Herbert Joel Marks, beloved husband, father, and friend, passed away suddenly on February 25 in Austin, Texas at the age of 70. He died peacefully, surrounded by his wife, Deborah, and children, Andrew, Emily, and Sarah. He will be remembered for his intellectual curiosity, tremendous sense of humor, and complete joy of life. A memorial service celebrating Herb’s life will take place on Saturday, March 19, 2016, at 11:00 in the morning, at Grace Church, Brooklyn Heights, New York. A reception will follow the service.
Herbert was born June 11, 1945, in Suffern, New York to Paul and Selma Marks. An only child, he was raised in Flatbush, Brooklyn. Herb attributed his love of learning to Jeanette Aranoff, a New York City public school home instructor, who worked with him when he was bedridden with a leg injury in the 7th grade. This chance, one-on-one learning experience inspired his future academic pursuits and changed his life. Herb was a proud alumnus of Brooklyn Tech High School and City College of New York - Baruch from which he graduated in 1968 with a degree in Business Administration. After serving two years in the United States Navy with a final rank of lieutenant junior grade, he continued his education, earning an M.A. in Economics from Northeastern University (1971) and an M.S in Finance from the Sloan School of Management at the Massachusetts Institute of Technology (1973).
Herb had a long career as a finance professional; in the early 1970s, he worked at the Federal Reserve Bank of Boston and then at Irving Trust Company in New York. In 1977, Herb joined Lehman Brothers where he worked in several different areas of the firm: Credit and Risk Management, International Government Advisory, Investment Banking, Merchant Banking/Leveraged Transactions, and Risk Arbitrage, eventually rising to the position of Senior Vice President. In 1994, he left Lehman Brothers to establish a new merger arbitrage department at Kidder Peabody & Co., Inc. He was subsequently employed as a managing director at a number of firms focused on various risk and merger arbitrage strategies, most notably RBC Capital Markets from 1997 to 2002. In 2004, Herb formed his own financial consulting firm, Herbert J. Marks Management, Inc.
Herb served as a director of Camelot Music Holdings and Romulus Films LTD/American Films Corporation and was a trustee of the Gateway Symphony Orchestra and the Staten Island Children’s Museum where he successfully led their first capital campaign. He was a guest lecturer of Economics and Finance at Baruch College, the College of Staten Island, and Northeastern University. In recent years, Herb enjoyed returning to Brooklyn Technical High School to speak to students on Career Day. His published articles appeared in the Journal of Commodity Trading, Intereconomics, Journal of Bank Research and Bankers Monthly.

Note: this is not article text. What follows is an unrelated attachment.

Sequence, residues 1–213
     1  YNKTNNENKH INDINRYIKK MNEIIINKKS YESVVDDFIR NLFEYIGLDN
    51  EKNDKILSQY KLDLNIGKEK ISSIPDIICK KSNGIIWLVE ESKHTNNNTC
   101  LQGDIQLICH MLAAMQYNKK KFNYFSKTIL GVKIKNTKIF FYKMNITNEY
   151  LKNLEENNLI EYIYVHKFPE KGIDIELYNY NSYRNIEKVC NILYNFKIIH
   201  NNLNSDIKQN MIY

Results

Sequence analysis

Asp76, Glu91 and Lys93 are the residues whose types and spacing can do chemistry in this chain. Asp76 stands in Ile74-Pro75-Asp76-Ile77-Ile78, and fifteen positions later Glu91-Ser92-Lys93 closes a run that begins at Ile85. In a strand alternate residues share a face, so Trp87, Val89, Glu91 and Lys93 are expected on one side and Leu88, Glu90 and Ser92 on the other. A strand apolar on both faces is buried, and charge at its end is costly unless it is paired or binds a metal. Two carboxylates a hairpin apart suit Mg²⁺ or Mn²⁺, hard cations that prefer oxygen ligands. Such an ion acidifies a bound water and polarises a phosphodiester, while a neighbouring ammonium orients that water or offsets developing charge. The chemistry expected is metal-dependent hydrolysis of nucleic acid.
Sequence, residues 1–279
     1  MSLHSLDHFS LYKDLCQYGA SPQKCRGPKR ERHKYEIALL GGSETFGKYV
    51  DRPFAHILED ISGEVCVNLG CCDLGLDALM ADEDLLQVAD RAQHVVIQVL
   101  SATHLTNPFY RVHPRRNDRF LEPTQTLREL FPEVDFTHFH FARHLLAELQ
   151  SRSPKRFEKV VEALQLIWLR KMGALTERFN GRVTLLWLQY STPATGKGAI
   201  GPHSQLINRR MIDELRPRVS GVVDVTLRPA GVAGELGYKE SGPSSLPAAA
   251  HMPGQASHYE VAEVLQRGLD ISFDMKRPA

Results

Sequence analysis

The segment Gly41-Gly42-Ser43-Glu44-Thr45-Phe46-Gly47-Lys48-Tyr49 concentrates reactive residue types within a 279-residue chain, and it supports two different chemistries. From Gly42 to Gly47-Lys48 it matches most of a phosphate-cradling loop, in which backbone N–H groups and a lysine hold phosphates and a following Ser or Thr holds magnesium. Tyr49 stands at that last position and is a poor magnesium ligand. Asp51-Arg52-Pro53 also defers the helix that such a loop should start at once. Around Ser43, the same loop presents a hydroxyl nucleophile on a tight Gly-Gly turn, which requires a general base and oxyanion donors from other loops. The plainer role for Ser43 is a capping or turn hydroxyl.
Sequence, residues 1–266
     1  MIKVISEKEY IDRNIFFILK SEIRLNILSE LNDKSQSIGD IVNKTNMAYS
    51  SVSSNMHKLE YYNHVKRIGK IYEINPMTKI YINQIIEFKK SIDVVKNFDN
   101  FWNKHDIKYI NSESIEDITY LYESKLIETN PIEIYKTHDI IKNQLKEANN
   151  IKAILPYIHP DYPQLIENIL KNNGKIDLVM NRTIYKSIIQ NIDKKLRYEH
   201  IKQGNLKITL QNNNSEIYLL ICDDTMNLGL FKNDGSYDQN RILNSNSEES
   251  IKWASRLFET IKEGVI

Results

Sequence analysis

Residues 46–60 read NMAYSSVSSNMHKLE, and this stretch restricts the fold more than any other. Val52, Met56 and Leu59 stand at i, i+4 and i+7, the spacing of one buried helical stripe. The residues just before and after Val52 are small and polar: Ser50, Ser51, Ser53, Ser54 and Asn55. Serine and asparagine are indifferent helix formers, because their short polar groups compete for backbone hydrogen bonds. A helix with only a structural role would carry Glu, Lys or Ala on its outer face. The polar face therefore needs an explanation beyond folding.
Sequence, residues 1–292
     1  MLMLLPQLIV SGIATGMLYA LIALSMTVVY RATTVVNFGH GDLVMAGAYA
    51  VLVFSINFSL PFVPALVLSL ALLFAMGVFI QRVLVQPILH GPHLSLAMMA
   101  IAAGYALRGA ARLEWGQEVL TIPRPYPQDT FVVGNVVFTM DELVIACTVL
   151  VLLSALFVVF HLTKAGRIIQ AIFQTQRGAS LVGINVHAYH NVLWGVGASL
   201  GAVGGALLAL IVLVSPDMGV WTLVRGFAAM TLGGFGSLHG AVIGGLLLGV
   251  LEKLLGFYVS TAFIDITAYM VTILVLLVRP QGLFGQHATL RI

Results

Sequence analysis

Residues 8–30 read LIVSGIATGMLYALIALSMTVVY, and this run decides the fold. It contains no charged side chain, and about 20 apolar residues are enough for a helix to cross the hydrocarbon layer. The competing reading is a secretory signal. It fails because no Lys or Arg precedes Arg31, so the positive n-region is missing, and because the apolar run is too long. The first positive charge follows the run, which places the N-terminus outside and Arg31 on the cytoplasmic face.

Upon his retirement, Herb utilized his finance and business skills to the benefit of his community by volunteering at SCORE (Service Corps of Retired Executives), a non-profit organization dedicated to educating and assisting entrepreneurs and small businesses. He took great pride and joy in his role as a mentor to several successful small business startups in Brooklyn. Only recently, he became a member of the Capitol of Texas Rotary Club in Austin.
An avid and competitive bridge player, Herb was a regular at the Cavendish Bridge Club and the Honors Bridge Club in Manhattan and at the Bridge Center of Austin. A long-term resident of Brooklyn Heights before his recent move to Austin, Herb enjoyed exploring the city on foot, frequently walking across the Brooklyn Bridge to his work in lower Manhattan and across the borough to Coney Island for a hot dog at Nathan’s. A true New Yorker, he loved the theater, classical music and jazz at Lincoln Center, and small cabaret venues that featured singers performing music from the Great American Songbook. He was a proud, card-carrying member of the Noel Coward Society and a past member of the Friars Club.
Herb spent the last several years embracing his new life in Austin, Texas. He quickly joined the Osher Lifelong Learning Institute at the University of Texas Austin; at the time of his death, Herb was scheduled to teach a six-week seminar on the early history of Warner Brothers and the gangster film genre. He took full advantage of Austin’s diverse music offerings: the Austin Symphony, Austin Classical Guitar, and the seemingly unlimited classical and jazz concerts at UT Austin. He joined the Austin Film Society, the Wildflower Center, and Austin Newcomers. Herb loved everything about Austin and found it easy to make wonderful new friends. Over the years, Herb relished his reputation as being well dressed; UT Austin burnt orange and the longhorn silhouette became prominent new staples of his wardrobe. He loved living in his historic neighborhood close to UT and downtown; he would often navigate the city on his bike or in his Mustang convertible. Herb was a lively conversationalist and loved sharing his seemingly encyclopedic knowledge of history, science, music, film, politics, and literature. Most important to Herb was his cherished 28-year marriage to Deborah and spending time with and celebrating the many accomplishments of his three children: Sarah, Emily, and Andrew.
In lieu of flowers, please consider a donation in Herb’s name to one of the following institutions that he enthusiastically supported: the Austin Public Library, Brooklyn Public Library, Brooklyn Tech Alumni Foundation, or the American Museum of Natural History.